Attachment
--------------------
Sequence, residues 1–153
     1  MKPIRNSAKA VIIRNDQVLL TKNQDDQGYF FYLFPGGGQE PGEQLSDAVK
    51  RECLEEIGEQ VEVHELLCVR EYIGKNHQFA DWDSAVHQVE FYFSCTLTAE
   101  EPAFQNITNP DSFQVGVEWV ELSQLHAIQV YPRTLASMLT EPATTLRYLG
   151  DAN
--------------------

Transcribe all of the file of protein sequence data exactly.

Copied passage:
Sequence, residues 1–153
     1  MKPIRNSAKA VIIRNDQVLL TKNQDDQGYF FYLFPGGGQE PGEQLSDAVK
    51  RECLEEIGEQ VEVHELLCVR EYIGKNHQFA DWDSAVHQVE FYFSCTLTAE
   101  EPAFQNITNP DSFQVGVEWV ELSQLHAIQV YPRTLASMLT EPATTLRYLG
   151  DAN